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High water on the Lochsa River is ferocious. White water adventurists love this destination.

First things first...

High water is DANGEROUS! So often, so many people underestimate the power of water. Water is a tremendous force, especially when in motion. Let me paint a simple scenario for you... think about standing in a moving current while fishing or just cooling down. Now, think about the increase of force and pressure on your body when you take just one small step forward, adding about one to two inches of depth compared to where you were just standing. The increase in force is often quite noticeable. Sometimes, that one or two extra inches of water is enough to push you off your feet.

Now, think of a river that is generally wade-able and easily accessible. Multiply that "regular" flow by 2...4...10 times or more!? It's really not the same river. It's a force to be respected. Even think of a lake that is still vs that same lake with 3 foot swells. It's incredible really.

Here in the northwest, we've had a record-breaking snowpack. Said snowpack is now rapidly melting and feeding our streams and rivers...gaining momentum and force...enough to move boulders and roll full-grown cottonwood trees along the riverbed. I've seen it... massive branches roll up out of the depths of a swift current, arcing high over the surface for a second or two, twisting and crashing back down into the water to the downstream-side like it was never there....only to reappear and crash back down a hundred yards down-river again.

Not for beginners...

Ego aside...

This is no time to be over-confident in your ability to maneuver a raft or boat. It's best to be very, very cautious here and defer to someone who has a TON of river experience. How do you gain that valuable experience? Slowly. Over time. Starting on easy, calm water.... working up in ability little by little by pushing your confidence one step at a time...not by taking a huge leap into something that's literally over your head.

Each river is different...the characteristics of the river at certain flows (measured in cubic feet per second or CFS), what sections of each river are safe or not safe at specific flows, what relative flow is just too dangerous to float, etc. A local guide may be your best option and often is anytime of year. At a minimum, you should be checking in with local fly shops, shuttle shops, or other knowledgeable source to get the lowdown.

The upper stretches of the Big Hole River beginning to swallow up its banks.

While wading, you must exercise extreme caution. Often the water is murky and you may not be able to see where you're stepping. You might have to feel your way with your feet. Stick to inside bends...where the river curves around you and the current pulls away from your shore creating a soft inside seam. There are two advantages to this approach: 1. It's much safer to wade here, out of the current. 2. Fish often stack up in this slack water to get out of the faster moving water. Just keep in mind our little scenario from above...going one inch deeper may be just enough force to knock you off your feet and into the drift.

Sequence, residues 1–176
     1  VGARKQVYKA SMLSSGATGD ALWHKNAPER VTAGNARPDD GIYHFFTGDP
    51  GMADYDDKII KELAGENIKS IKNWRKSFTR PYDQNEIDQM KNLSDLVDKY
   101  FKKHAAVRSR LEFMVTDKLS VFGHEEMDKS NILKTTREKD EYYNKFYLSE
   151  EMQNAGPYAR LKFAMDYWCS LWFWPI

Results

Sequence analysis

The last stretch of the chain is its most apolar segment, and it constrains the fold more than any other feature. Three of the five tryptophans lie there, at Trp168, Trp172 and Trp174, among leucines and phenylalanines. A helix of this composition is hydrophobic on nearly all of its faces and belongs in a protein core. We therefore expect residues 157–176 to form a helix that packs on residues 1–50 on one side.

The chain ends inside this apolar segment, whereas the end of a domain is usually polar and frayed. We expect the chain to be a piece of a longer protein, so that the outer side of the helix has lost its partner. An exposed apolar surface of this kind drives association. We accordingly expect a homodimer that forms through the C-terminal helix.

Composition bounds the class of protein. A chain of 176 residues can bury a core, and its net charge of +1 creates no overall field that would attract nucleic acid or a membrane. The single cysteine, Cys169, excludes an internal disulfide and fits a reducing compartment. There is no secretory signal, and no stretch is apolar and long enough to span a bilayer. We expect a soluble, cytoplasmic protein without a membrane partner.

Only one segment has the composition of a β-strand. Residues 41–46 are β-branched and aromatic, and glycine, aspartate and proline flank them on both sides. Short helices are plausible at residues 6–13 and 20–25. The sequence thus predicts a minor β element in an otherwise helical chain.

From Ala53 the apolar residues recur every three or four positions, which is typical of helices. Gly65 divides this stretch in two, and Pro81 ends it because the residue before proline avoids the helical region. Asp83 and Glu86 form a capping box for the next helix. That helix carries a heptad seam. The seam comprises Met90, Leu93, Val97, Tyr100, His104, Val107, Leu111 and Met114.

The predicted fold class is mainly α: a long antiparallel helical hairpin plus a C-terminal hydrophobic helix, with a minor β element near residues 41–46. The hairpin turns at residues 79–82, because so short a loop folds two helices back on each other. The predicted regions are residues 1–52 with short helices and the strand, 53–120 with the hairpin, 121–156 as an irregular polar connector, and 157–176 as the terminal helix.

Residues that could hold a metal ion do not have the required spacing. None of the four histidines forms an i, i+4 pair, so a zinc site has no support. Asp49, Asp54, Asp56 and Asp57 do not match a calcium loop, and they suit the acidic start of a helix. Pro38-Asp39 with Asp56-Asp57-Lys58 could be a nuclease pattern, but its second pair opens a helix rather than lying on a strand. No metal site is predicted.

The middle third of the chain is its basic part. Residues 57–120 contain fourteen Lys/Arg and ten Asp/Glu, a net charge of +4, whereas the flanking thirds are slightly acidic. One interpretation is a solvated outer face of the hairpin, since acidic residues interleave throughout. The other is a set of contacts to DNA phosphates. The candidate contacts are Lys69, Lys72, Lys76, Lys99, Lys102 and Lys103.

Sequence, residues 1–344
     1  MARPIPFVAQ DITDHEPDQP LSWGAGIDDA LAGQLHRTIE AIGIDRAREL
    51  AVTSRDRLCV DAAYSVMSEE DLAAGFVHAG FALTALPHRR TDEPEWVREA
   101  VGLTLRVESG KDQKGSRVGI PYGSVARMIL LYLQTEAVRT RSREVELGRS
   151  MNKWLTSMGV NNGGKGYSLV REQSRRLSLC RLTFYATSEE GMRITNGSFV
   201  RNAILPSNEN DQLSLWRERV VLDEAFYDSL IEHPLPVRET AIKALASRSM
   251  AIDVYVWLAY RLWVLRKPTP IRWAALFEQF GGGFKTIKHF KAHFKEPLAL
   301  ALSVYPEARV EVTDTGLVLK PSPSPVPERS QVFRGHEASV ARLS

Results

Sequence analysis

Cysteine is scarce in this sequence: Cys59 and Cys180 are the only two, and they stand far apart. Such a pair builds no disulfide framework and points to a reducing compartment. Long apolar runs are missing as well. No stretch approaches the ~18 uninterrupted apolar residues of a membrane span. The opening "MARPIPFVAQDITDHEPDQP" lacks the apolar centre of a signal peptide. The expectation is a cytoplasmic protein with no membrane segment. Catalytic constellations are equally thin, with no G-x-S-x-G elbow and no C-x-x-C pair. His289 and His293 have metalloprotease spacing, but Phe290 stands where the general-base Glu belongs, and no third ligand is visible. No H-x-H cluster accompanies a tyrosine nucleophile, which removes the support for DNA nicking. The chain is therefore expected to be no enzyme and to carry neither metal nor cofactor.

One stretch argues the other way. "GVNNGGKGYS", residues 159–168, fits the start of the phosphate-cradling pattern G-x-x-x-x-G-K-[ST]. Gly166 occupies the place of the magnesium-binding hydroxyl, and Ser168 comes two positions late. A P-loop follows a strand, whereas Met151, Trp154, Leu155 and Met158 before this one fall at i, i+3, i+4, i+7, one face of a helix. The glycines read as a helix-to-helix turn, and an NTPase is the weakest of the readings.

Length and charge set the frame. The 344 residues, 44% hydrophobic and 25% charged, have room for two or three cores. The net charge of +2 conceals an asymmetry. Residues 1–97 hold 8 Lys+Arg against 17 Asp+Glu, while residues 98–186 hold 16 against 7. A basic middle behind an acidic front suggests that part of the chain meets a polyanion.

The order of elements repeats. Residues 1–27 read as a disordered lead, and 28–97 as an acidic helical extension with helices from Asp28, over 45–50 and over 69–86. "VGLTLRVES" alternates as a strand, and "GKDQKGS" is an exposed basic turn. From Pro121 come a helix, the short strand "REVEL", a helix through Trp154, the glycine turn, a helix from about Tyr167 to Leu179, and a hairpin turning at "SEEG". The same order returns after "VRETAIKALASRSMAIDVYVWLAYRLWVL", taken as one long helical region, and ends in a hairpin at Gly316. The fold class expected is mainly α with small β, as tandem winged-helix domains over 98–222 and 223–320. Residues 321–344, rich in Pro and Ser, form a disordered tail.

I know you might not want to hear it but.. you may just need to stay off the water until flows subside a bit. I can tell you horror stories to scare you into exercising extreme caution...but I'll just let it be said that I have lived in many outdoorsy towns...places where the locals take pride in their outdoor prowess and vacationers flock to experience the same natural glory it's residents do. Missoula, MT is one such town. I love it there. Three rivers in town AND a blue ribbon creek just outside..... Every singe year I lived there, there was a loss of life due to high water. At least one person, sometimes more. And often, sadly and tragically, a child. No matter the gear, the helmets, the flotation device...high water can still win. One morning you float around a bend and it's all clear. You decide to do another float the next week, next day, or heck...even the same afternoon, take the same rout, only to discover an entire tree has fallen and is now blocking the entire channel. You have a few seconds to keep your cool and make your move.... what do you do?

Shoshone Falls in high water. Absolutely awesome.

I hate being grim here but let's be honest. Rafting, kayaking, float fishing, wade fishing...heck even hiking, biking, driving, etc, etc, etc, have inherent risks. Water is more powerful than most give it credit for. I love the water....being near it...on it. It's central to my survival really. I would never try to talk someone out of experiencing it the way I do. Except in high water. It's just simply no time to be over-confident or completely care-free. As a fly fishing guide, I do carry around a bit of a burden every have the best time possible but maintaining a safe situation for all aboard.

Stay safe out there. Leave the paddling to people who are accomplished. Don't be afraid to say that a certain time, flow, area, river is above your skill set. There is no room for ego at this time.



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